All driver inspection reports must be delivered to the trucking company’s operations staff. Any defect reported must be repaired immediately or identified as being unnecessary. Any repairs made must be certified by the trucking company or its agent before it can be returned to operation. Original copies of the reports must be kept for 3 months.
Annual Inspection
At a minimum Houston and state-wide trucking companies must perform annual inspections of their commercial motor vehicle fleet including;

  • Tractor
  • Trailer
  • Trailer Dollys

Inspection reports and documentation must be kept for a period of 14 months from the date of the inspection.
Information gathered during the inspection are;

  • Name of the person conducting the inspection
  • Date of inspection
  • The company operating the vehicle
  • The Tractor or Trailer’s vehicle identification number (VIN)
  • Detail of the components inspected, results of the inspection, defective parts, repairs that are required for safe operation and repairs that are noted but not required

Qualified Inspectors
It is important to note that trucking companies must ensure that inspections are performed by those who are qualified. Inspectors must be trained, certified, and have one year of experience before they can conduct brake inspections, testing and perform any servicing required. Trucking companies must keep on hand evidence of an inspector’s qualifications and certification during the time in which they are responsible for inspections and for one year after they cease conducting these inspections.

Compliance Reviews
In an effort to reduce the number of trucking accidents on highways and roadways, the FMCSA has developed a Compliance, Safety, and Accountability program. An important component of this program is the Safety Measurement System (SMS) which is used to store information and rate the performance of commercial motor vehicle carriers and their drivers.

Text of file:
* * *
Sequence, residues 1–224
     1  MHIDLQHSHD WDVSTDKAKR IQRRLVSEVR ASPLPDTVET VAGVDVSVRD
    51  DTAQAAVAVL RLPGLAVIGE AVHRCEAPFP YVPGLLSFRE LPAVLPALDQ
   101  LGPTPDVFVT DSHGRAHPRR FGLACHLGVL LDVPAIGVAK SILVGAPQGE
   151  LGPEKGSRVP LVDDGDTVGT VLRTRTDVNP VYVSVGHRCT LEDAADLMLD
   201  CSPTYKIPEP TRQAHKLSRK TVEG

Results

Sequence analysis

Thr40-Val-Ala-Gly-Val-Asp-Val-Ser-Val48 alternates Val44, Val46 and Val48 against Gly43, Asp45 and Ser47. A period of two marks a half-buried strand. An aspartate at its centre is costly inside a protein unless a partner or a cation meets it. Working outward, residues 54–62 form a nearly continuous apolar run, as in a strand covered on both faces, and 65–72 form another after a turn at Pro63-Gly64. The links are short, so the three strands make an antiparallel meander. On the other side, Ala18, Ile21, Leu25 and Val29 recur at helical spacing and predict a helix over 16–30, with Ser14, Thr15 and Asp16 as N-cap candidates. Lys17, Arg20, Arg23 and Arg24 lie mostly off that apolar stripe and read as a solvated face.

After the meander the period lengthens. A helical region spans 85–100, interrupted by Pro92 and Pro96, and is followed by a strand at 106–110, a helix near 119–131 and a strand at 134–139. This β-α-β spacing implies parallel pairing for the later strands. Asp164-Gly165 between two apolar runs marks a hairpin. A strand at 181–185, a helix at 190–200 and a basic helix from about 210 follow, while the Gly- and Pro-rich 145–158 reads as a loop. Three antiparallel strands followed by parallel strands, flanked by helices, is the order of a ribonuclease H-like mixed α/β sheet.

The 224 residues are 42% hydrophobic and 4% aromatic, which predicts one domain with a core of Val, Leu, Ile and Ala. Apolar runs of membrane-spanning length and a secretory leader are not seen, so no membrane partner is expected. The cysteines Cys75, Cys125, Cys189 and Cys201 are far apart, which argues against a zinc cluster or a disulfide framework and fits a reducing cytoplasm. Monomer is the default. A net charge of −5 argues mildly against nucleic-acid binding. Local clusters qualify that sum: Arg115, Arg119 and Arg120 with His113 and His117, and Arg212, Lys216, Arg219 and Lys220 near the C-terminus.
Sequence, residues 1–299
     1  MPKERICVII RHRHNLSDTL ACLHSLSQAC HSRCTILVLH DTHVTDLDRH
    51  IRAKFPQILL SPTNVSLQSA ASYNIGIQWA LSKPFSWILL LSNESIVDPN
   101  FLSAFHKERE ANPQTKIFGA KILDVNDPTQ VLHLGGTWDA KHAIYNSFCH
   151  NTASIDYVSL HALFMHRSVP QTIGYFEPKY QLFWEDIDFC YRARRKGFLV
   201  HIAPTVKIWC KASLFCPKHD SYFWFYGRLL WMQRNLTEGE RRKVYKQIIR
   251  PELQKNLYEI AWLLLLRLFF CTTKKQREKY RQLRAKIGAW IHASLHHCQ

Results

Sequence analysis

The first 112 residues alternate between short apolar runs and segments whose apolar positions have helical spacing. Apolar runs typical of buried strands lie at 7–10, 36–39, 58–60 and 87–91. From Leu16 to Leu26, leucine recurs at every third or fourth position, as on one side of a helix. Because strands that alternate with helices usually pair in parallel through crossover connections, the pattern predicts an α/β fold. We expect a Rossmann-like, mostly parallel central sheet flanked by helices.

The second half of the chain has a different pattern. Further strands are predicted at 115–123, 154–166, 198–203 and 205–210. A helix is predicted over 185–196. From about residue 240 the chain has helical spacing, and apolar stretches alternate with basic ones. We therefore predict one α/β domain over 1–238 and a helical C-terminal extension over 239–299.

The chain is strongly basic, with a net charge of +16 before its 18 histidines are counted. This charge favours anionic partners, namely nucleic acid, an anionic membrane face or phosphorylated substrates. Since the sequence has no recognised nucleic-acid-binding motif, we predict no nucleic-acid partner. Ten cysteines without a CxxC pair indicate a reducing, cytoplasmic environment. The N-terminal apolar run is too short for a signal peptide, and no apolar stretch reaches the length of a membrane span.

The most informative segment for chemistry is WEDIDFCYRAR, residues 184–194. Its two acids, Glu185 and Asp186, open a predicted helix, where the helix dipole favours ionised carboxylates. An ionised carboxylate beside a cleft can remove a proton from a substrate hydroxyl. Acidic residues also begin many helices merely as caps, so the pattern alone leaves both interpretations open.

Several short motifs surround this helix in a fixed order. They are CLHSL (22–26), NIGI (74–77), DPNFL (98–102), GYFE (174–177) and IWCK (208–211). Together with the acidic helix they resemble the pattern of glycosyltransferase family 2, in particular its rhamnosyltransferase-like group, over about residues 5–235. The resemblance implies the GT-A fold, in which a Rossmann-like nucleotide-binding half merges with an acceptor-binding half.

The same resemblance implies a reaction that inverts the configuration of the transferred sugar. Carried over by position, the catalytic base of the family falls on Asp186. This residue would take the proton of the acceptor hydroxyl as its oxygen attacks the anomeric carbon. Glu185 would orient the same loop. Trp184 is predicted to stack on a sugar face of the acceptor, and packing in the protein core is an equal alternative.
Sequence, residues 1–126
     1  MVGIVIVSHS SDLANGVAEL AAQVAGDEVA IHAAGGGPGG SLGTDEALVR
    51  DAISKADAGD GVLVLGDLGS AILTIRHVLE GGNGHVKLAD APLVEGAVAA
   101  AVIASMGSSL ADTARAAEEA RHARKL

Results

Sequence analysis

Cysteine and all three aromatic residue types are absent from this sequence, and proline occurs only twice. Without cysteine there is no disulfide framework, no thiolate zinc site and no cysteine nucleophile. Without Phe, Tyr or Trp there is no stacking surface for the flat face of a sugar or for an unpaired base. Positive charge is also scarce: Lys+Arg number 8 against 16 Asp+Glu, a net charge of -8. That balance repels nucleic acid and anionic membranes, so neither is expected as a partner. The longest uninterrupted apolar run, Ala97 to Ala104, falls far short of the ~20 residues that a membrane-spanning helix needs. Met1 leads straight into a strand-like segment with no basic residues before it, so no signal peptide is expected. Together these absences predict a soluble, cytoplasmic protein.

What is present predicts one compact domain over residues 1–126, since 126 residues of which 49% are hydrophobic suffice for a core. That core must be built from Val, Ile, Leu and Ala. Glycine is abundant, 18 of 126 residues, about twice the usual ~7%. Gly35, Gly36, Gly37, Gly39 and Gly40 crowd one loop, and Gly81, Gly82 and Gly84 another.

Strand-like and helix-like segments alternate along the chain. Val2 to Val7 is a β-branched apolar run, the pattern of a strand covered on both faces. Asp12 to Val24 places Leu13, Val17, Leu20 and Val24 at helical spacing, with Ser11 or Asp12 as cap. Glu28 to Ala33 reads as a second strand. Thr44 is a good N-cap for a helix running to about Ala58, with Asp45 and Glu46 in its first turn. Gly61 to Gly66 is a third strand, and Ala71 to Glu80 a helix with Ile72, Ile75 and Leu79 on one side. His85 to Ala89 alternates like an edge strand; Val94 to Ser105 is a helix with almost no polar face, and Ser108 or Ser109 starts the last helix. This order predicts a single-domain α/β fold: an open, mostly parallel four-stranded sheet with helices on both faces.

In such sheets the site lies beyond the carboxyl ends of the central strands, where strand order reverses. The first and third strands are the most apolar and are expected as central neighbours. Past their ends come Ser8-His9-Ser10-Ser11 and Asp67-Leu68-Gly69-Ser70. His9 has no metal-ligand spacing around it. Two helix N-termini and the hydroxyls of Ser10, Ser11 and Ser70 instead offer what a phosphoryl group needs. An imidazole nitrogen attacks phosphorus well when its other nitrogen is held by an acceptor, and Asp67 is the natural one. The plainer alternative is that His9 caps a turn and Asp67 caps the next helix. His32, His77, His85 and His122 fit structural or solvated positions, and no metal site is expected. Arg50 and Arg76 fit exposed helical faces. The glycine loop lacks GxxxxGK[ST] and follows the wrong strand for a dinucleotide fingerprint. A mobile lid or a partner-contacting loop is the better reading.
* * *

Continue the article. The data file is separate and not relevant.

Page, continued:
A safety score is calculated based on the Behavior Analysis and Safety Improvement Categories (BASICs). Information from crashes, inspections, and violations recorded over time are entered into these categories for motor carriers and their drivers. The BASICs categories are;

  • Unsafe Driving – speeding, reckless driving, unsafe lane changes, distracted driving
  • Hours of Service (HOS) compliance – driving with fatigue, in violation of HOS, logbook violations
  • Driver Fitness – driving without a commercial driver’s license (CDL) or medically unfit
  • Controlled Substances/Alcohol – under the influence of drugs or alcohol/Driver intoxication
  • Crash Indicator – frequency and severity of accidents and crashes
  • Vehicle Maintenance – defective brakes, lights, suspension or other mechanical problems
  • Hazardous Material Compliance – leaking tanks/containers, incorrectly packaged materials

SMS also tracks a trucking company’s crash history. This is done using a crash indicator which uses information from State reported crash reports. The crash indicator is used to report on trends related to the company’s frequency, severity, and involvement in crashes.
You can check on a motor carrier’s safety ranking online using the FMCSA’s Safety Management System.
Contact our Houston personal injury law offices immediately if you have been injured in an accident.